A Motu Media Release
EMBARGOED TIL 5AM, 29 May 2018
The most famous mother-to-be in the country is due to give birth in less than a month, after which she plans to head back to work and her prime ministerial salary. That’s not the norm for most women, however, and research released today shows that motherhood generally still comes at a significant price for women.
“New Zealand is similar to the rest of the world in that the gender pay gap is larger among parents than people without children,” said Dr Isabelle Sin, Fellow at Motu Economic and Public Policy Research and co-author of the new paper.
“Across our sample, the hourly wage difference was 5.7 percent between similar men and women without children, but 12.5 percent between men and women who were parents,” said Dr Sin.
“The impact of parenthood is especially noticeable for women who were in a high-income bracket before giving birth and who returned to work quickly after becoming parents,” said Dr Sin.
“Prior to parenthood, these women experienced rapid income growth–they were on a trajectory to be very high earners. After they returned to work, often with reduced hours, their earnings were lower and grew at a crawl. This dampening of the income growth of top-earning women helps explain why relatively few women appear in the highest income brackets in New Zealand. A fast return to employment did have some benefits, though: their hourly wages didn’t fall as much as the wages of their slower-returning colleagues.”
In contrast, low-income women, such as young mothers, experienced small monthly income decreases with parenthood and similar income growth rates before and after having children.
“This isn’t necessarily a positive sign, as it could merely indicate that they were underemployed before motherhood,” said Dr Sin.
When men became parents, their hourly wages weren’t significantly affected. Women, on the other hand, faced 4.4 percent lower hourly wages than they could have expected if they hadn’t had children.
“This wage penalty for motherhood varied substantially. The longer mothers stayed at home, the bigger the drop in their hourly wages, with women who were out of paid work for more than a year experiencing an 8.3 percent wage penalty. Only some of this drop in pay can be explained by mothers moving to lower-paying jobs,” said Dr Sin.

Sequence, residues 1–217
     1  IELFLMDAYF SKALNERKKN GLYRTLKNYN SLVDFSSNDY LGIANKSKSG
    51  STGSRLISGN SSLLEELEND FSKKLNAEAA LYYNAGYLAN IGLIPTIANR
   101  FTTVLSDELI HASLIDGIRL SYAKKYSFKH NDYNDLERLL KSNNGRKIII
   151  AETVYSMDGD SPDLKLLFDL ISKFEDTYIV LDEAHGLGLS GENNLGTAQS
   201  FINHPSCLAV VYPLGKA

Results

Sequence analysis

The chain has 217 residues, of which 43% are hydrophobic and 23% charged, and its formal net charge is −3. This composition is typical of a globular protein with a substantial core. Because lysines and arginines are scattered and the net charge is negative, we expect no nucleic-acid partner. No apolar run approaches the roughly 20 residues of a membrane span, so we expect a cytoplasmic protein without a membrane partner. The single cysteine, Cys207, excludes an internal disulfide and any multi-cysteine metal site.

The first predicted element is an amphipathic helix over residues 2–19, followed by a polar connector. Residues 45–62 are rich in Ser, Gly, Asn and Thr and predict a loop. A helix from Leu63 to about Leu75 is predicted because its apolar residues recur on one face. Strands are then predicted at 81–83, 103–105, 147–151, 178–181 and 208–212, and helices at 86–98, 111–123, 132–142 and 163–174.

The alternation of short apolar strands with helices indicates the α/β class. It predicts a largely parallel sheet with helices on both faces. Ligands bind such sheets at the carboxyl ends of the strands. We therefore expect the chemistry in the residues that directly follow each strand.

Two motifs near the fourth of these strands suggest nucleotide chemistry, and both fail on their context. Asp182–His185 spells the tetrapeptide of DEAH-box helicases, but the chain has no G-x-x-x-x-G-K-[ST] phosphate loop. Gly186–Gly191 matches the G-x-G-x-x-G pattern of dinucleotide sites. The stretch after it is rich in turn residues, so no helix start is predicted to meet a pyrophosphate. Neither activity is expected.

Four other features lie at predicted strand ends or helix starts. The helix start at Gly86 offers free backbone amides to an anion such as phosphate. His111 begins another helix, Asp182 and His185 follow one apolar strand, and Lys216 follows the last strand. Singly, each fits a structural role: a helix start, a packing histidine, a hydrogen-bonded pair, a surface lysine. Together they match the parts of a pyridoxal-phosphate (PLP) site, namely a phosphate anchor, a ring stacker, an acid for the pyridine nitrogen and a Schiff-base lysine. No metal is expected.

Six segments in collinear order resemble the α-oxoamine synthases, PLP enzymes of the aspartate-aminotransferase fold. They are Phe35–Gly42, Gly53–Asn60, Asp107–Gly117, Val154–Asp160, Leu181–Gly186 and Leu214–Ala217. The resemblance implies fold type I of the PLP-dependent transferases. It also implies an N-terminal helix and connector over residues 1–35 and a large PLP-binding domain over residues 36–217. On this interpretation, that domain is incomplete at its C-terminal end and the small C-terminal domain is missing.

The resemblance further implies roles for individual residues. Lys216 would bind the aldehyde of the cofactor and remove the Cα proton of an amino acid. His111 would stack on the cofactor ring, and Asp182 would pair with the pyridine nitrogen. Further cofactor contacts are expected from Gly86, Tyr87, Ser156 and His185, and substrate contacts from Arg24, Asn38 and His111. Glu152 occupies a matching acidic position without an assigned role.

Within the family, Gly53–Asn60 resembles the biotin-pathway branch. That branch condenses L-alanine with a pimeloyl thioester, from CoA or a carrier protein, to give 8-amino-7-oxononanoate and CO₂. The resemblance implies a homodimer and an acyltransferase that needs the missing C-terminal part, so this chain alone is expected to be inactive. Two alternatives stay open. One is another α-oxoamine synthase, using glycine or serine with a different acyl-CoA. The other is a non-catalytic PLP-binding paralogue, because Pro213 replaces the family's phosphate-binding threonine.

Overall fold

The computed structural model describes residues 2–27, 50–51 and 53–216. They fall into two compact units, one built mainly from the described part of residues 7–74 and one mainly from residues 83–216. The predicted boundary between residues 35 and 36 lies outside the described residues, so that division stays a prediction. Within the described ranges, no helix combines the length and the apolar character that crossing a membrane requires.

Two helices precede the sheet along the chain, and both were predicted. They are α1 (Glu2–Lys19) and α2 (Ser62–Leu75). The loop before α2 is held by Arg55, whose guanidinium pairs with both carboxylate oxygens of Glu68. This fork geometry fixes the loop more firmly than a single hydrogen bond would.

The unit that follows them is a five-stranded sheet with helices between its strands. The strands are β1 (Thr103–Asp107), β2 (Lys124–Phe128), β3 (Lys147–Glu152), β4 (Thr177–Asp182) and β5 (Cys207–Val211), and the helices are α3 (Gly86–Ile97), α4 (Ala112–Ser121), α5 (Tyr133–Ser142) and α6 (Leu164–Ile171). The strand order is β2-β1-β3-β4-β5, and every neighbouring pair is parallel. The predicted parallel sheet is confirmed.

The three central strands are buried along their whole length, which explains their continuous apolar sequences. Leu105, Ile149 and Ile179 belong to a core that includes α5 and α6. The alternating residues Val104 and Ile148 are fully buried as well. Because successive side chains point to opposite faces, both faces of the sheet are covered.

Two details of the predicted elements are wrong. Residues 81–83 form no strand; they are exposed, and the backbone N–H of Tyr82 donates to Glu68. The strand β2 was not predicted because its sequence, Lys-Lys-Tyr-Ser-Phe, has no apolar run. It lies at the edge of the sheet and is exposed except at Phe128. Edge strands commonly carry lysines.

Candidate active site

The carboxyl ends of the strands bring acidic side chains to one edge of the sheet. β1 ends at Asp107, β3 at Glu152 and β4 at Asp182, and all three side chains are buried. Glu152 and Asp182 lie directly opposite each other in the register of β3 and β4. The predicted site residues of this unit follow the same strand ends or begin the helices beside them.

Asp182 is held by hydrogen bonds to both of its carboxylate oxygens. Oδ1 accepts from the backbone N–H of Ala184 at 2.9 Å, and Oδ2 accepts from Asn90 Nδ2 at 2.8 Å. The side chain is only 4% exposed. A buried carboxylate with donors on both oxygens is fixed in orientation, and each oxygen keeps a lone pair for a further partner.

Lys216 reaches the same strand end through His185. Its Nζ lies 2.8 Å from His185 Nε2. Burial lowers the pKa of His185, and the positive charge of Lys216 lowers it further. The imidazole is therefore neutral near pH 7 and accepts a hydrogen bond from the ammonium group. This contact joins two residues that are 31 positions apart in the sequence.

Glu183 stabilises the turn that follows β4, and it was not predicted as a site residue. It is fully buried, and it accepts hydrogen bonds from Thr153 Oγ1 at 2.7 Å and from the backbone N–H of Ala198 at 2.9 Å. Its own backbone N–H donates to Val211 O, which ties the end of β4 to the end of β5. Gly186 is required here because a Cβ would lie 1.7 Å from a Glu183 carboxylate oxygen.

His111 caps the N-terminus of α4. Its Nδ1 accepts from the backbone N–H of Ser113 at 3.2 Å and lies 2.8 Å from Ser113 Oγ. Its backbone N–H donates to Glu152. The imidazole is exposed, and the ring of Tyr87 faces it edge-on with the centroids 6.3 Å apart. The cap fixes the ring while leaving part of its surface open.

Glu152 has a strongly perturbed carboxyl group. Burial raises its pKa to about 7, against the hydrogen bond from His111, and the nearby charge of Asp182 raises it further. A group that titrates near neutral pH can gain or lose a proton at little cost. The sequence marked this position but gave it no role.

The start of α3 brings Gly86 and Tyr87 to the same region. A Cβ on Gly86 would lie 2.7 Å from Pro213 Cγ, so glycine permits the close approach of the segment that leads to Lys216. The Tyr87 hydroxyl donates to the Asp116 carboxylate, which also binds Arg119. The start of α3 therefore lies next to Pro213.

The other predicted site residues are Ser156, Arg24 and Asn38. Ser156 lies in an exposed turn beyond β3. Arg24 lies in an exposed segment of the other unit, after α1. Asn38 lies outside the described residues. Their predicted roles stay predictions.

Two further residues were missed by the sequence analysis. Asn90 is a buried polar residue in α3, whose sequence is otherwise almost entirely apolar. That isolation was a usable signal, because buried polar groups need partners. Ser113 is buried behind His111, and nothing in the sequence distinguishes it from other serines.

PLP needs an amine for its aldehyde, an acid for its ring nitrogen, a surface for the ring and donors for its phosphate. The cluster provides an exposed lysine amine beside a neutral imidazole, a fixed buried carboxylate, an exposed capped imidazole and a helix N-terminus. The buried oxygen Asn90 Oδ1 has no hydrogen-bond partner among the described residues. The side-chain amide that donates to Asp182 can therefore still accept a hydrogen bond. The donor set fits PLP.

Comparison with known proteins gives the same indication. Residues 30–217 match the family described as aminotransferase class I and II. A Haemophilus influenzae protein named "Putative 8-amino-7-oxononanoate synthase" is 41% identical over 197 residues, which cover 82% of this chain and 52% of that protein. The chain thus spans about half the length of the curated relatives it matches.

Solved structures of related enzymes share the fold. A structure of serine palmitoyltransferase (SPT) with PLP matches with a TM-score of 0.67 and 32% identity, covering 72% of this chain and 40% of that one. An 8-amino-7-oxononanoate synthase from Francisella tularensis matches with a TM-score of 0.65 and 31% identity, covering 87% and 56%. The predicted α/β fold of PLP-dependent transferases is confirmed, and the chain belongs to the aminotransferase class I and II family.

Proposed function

Before becoming mothers, Māori and Pasifika women were far more likely not to be employed than Pākehā women, but this gap narrowed in percentage point terms after they became mothers. Pākehā mothers have a 59% employment rate in their child’s tenth year compared with 41% for Pasifika mothers and 45% for Māori mothers.
“On a more positive note, monthly income for Māori, Pasifika and Asian mothers in paid employment was slightly higher two years after their child’s birth than it was two years before,” said Dr Sin.
“Our research shows that parenthood exacerbates pre-parenthood gender wage gaps and this seems closely connected to women working less after they have children. I believe it will be hard for New Zealand to achieve gender equality in the labour market until it is just as common for a dad to stay home and take care of his children as it is a mum. Hopefully Jacinda and Clarke’s example will help spur cultural change in this direction,” said Dr Sin.
The study, “Parenthood and labour market outcomes” by Isabelle Sin (Motu, Victoria University of Wellington, and Te Pūnaha Matatini; Kabir Dasgupta (Auckland University of Technology and the New Zealand Work Research Institute); and Gail Pacheco (Auckland University of Technology and the New Zealand Work Research Institute) received funding from the Ministry for Women.
Being a mother
Means decreased hours and wages.
No such change for dads.
To see the full parenthood and labour market outcomes executive summary, click here